Mentoring tomorrow’s Indigenous health experts

Mentoring tomorrow’s Indigenous health experts

Queen's hosts Indigenous and non-Indigenous post-secondary trainees at Indigenous Mentorship Network of Ontario's 2019 Summer Institute.

By Communications Staff

September 9, 2019


2019 Summer Institute participants and mentors
Participants, mentors, and speakers gathered for the 2019 Summer Institute.

The Queen’s University Biological Station (QUBS) is known as one of the premier scientific field stations in the country, and typically hosts researchers studying ecology, evolution, conservation, geography, and environmental science. Earlier this summer, it also became a place 25 Indigenous and non-Indigenous post-secondary trainees in Indigenous health research and professional programs gathered together to connect with the land, scholarly mentors, Indigenous knowledge keepers, and with each other during the 2019 Summer Institute.

The annual event, made available by the Indigenous Mentorship Network of Ontario (IMN-O), aims to support and grow the next generation of Indigenous health scholars and advance Indigenous health equity in the province.

“Health equity is one of the primary issues in Indigenous communities and with Indigenous peoples, and there is a great need to have expertly trained Indigenous health professionals for all facets of health in this country. The IMN-O provides training in all areas pertinent to upcoming scholars, researchers, and professionals,” says Kanonhsyonne (Janice Hill), Queen’s Associate Vice-Principal (Indigenous Initiatives and Reconciliation), who served as Elder for the occasion. “The inclusion of land-based and cultural knowledge was instrumental to the success of this year’s Summer Institute as it ensured a fulsome experience that some participants may not otherwise have opportunity to experience.”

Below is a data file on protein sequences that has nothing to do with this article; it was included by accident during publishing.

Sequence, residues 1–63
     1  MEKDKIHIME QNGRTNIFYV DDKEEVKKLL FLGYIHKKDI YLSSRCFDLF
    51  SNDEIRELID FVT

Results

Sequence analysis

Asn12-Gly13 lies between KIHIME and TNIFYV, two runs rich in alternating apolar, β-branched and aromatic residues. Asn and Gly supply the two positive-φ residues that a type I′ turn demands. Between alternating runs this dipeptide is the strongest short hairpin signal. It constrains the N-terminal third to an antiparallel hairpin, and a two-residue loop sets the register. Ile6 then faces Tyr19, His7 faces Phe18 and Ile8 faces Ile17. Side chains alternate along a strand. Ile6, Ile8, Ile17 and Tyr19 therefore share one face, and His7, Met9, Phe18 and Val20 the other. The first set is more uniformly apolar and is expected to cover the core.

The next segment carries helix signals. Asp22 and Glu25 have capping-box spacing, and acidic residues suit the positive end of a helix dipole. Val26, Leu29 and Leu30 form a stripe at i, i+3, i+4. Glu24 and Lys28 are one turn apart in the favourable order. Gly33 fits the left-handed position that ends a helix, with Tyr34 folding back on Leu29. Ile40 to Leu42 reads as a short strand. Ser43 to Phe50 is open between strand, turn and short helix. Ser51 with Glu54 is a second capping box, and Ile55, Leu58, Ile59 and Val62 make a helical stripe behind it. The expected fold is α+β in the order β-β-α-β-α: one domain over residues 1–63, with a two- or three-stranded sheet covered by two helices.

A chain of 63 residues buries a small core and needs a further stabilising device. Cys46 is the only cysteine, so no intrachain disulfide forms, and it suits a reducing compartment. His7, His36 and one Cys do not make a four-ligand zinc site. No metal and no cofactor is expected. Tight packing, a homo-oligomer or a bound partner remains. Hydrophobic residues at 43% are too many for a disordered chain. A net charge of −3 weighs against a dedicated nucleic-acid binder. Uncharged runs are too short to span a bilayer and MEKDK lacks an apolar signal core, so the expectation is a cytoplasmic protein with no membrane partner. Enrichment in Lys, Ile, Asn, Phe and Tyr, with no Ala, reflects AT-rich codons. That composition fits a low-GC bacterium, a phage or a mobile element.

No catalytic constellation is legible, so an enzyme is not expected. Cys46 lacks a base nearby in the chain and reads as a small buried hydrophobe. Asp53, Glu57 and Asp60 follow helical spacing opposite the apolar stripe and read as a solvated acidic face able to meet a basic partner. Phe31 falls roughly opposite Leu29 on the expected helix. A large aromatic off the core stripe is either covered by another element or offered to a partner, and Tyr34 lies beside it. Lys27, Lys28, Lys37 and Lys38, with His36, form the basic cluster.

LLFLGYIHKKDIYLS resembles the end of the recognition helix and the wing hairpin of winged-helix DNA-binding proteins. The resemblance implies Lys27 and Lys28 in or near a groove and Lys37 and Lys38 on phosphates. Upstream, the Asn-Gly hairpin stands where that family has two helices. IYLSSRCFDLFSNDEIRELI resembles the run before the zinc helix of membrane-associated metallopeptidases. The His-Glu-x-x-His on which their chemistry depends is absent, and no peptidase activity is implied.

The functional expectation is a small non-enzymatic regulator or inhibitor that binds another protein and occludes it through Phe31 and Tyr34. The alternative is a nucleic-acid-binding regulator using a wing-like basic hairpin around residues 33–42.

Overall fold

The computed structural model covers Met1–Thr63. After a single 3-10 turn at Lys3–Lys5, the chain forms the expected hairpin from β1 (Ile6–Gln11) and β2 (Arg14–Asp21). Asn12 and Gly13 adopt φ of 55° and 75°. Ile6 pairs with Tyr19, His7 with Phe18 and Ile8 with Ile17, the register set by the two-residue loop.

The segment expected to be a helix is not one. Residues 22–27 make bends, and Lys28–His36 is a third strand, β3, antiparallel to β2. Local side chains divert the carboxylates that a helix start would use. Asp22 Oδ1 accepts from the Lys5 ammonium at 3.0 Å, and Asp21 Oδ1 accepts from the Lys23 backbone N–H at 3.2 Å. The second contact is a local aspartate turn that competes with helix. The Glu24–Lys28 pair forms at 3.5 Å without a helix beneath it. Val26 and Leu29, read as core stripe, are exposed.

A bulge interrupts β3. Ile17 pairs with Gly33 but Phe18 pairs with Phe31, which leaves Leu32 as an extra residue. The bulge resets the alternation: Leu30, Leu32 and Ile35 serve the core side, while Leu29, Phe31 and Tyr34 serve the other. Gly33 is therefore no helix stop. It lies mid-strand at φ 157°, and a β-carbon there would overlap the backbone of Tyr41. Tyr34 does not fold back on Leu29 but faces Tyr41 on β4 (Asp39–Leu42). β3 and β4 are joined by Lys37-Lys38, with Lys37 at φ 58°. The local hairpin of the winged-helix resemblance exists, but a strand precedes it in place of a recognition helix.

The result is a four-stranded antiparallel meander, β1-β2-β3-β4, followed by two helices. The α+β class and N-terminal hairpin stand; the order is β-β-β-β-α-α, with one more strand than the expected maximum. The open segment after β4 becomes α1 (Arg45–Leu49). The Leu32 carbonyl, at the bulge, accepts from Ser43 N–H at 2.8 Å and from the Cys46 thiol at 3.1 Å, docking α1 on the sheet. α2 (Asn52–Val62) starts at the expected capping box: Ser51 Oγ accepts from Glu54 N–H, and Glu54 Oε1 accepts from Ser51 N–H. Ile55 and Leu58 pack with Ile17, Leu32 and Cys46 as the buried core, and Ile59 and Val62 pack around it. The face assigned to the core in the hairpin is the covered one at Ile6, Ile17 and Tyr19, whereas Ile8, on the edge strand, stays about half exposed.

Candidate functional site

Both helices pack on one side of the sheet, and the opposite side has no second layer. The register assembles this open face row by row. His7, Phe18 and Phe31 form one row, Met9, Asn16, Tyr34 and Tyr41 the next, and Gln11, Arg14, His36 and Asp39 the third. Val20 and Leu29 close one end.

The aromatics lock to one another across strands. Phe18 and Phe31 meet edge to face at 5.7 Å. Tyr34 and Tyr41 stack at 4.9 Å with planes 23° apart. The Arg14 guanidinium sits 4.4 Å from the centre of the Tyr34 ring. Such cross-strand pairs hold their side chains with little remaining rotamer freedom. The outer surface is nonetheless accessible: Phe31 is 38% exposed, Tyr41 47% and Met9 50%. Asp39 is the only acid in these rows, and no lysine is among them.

In June, participants met on Anishinaabe land at QUBS for five days, during which time they engaged in research and career-building workshops, cultural and ceremonial activities, and connected with the land and water there. The group was comprised of undergraduate, master’s, and doctoral students from Queen’s, Trent University, University of Ottawa, Western University, Lakehead University, Laurentian University, McMaster University, and the University of Toronto – all representing various health disciplines.

Sunrise ceremonies were conducted each morning before participants attended expert sessions on grant writing, community-based participatory research, academic publishing, ethics, research training, and more. Throughout the week, participants engaged smudging ceremonies, a medicine walk, a full moon ceremony, sharing circles, and fire teachings, led by Kanonhsyonne and Knowledge Keeper Tim Yearington.

“Spending time on the land, in relation with the place and each other, and engaging in ways of being and knowing that don’t fit the conventional sense of the academy, were instrumental to the success of this year’s Summer Institute,” says Heather Castleden, Queen’s Associate Professor and Canada Research Chair in Reconciling Relations for Health, Environments, and Communities. “Connecting and learning from one another in these ways moves us toward decolonizing the structures wherein we study and work.”